With My Jesus
An Invitation to Dear Jesus
I’d be so happy if, oh Jesus,
you would enter my dwelling deign.
Where things quite common hang on the walls.
Where day drops off early on the window pane.
I would tell you of lighting
A dim lamp to lengthen the short day.
Of my very small life, serving
rancorously with my brothers away.
I would tell you of the house of men.
Of panes which are sometimes blue.
Of doors you have to stoop to enter.
Of locks shutting tightly and true.
I would tell you, while smoking
a common cigarette, of all men and of their names.
Some old clothes always wearing,
Others wearing new ones all the same.
And how there are seven days full of worry
Oh Jesus, and each one as the one before.
And when your wound starts being sore
you pull your hat down more and more.
I would tell you things for a long time, till we hear
dew dropping down the window pane.
Then quite dumbly I would say to you:
You are tired, Jesus, you should dream again.
Oh lie down and sleep on this bed
which man redeems every day.
I will bind with solace your sad forehead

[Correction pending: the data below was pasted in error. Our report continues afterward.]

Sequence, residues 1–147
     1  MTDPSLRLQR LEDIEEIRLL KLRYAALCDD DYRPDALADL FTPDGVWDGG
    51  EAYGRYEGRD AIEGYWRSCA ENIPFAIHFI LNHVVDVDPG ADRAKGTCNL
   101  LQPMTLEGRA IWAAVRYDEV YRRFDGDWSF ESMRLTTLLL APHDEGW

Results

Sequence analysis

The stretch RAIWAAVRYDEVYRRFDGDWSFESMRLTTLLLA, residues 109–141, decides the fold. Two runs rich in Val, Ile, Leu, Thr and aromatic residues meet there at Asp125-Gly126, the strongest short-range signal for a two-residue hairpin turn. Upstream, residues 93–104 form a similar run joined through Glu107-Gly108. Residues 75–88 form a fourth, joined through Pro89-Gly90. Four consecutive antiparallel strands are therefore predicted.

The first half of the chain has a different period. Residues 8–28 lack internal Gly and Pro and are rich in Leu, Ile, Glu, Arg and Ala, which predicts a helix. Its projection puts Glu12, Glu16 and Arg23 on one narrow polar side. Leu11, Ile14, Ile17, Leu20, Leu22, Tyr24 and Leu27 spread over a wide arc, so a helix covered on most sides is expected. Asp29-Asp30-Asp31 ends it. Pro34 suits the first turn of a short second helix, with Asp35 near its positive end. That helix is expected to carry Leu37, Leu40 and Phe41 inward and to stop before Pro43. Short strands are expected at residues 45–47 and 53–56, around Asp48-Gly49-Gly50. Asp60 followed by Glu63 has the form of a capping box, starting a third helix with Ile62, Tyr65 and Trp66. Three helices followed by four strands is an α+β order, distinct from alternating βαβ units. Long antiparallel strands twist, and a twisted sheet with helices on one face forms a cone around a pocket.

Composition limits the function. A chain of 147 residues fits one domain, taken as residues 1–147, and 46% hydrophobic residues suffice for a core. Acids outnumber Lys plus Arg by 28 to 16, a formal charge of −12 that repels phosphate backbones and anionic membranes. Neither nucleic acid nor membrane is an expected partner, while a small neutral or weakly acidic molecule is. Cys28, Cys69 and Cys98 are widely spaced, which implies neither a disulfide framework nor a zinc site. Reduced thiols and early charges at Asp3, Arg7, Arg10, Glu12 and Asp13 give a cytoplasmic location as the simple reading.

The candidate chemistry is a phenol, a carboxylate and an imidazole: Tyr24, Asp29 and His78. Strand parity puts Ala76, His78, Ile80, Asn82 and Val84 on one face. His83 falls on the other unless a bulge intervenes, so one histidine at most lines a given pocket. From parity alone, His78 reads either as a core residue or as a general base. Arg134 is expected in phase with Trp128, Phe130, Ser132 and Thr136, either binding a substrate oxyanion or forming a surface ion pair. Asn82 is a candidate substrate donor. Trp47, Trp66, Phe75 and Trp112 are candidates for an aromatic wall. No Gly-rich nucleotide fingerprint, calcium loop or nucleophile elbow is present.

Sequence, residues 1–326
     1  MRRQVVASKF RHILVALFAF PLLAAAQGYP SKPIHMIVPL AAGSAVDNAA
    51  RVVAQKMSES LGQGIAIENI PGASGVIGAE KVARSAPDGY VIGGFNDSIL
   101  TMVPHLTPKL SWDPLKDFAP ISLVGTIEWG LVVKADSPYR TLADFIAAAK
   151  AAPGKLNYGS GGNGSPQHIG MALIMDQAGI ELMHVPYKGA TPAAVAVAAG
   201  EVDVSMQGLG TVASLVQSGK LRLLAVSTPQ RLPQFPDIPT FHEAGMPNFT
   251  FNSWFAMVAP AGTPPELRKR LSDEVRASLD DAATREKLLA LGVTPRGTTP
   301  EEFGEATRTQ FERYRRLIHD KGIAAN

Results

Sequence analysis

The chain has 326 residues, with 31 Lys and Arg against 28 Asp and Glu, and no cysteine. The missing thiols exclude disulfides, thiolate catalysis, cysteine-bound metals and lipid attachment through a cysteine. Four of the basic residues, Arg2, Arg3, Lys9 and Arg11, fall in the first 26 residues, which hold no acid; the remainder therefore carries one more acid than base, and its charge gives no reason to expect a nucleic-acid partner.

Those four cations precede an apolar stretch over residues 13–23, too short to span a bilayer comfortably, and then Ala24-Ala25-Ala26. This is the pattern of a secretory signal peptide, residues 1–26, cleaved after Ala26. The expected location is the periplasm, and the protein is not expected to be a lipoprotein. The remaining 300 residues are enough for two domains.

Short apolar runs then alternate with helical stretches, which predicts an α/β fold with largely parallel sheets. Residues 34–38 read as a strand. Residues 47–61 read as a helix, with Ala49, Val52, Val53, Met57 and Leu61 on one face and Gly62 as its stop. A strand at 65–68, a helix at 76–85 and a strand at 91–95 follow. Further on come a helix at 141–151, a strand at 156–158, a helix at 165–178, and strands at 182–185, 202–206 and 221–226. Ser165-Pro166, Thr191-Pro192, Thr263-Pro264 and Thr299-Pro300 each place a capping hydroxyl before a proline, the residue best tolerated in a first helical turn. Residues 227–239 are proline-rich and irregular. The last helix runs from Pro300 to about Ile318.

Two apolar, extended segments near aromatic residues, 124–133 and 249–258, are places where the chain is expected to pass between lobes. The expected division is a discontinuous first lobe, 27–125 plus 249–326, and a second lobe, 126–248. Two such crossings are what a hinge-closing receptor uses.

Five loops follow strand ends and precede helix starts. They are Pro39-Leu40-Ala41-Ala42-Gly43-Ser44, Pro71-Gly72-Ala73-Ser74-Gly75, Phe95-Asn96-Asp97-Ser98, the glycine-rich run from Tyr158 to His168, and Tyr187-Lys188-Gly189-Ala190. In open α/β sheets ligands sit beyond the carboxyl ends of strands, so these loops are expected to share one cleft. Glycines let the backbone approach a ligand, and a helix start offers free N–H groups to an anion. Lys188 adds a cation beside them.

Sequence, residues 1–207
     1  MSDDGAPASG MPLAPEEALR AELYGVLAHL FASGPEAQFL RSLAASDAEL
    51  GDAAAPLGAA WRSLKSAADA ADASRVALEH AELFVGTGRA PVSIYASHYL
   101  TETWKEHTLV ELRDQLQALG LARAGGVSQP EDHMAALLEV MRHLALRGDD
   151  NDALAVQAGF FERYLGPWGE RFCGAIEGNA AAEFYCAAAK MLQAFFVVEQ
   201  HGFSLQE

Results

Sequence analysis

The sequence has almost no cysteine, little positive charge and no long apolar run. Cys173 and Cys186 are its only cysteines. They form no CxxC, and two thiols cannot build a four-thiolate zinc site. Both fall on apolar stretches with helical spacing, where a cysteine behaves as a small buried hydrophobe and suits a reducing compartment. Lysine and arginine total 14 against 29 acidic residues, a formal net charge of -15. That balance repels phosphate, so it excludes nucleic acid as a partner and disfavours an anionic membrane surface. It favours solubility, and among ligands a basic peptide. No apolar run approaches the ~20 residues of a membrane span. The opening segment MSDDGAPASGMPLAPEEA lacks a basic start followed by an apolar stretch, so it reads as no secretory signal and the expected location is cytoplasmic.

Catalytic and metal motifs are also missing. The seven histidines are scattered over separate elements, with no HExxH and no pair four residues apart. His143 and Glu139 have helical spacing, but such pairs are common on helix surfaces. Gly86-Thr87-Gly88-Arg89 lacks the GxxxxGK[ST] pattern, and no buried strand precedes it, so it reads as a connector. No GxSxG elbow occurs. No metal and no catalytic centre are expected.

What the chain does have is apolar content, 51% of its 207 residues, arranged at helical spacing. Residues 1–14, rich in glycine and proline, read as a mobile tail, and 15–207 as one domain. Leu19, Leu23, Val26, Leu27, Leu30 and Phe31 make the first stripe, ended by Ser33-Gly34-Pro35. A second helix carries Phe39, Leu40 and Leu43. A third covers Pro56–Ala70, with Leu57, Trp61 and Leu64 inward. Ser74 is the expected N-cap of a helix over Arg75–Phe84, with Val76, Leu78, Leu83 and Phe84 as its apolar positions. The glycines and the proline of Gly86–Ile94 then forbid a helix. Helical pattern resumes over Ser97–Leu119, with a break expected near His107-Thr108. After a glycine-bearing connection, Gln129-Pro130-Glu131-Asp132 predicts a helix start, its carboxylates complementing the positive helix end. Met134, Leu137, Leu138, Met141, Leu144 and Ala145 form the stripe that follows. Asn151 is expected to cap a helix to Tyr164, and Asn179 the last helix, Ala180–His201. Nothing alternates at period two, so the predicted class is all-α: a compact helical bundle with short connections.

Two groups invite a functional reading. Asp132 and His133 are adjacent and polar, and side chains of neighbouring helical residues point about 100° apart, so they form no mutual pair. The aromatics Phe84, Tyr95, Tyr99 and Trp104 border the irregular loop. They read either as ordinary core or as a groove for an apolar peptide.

Sleep, and on the bench I’ll stay.
Where I Would Take Jesus
Gentle Jesus, at a late hour, when
your poor ones are still wide awake,
I’ll take you to a humble tailor
To make a plain suit for you.
Then to a lowly cobbler, too, who all
night hammers sharp nails into a hard sole,
While shoe Factories hum crankily.
A million pairs they put together in an hour.
Then on to the man who makes hats,
with rims sunk low, to conceal the pain.
One will snuggle onto your head.
Roomy enough to receive your aureole.
We’ll then go to the inn near town,
Resembling an old, beached ship.
Where brothers at table, in deep sorrow
Throw glasses and hats on the floor.
The first crow of the rooster will be a sharp arrow
from which your heart will bleed.
The second will be the gloom of your brow.
You will recognize neither people nor things.
And when the roosters crow the third time,
oh Jesus, you will stagger with pain.
Your hat will fall from your head.
Your hat and your aureole.
Today I ache for harlequins
and sad and dumb clowns.
on my wounded heart, Jesus,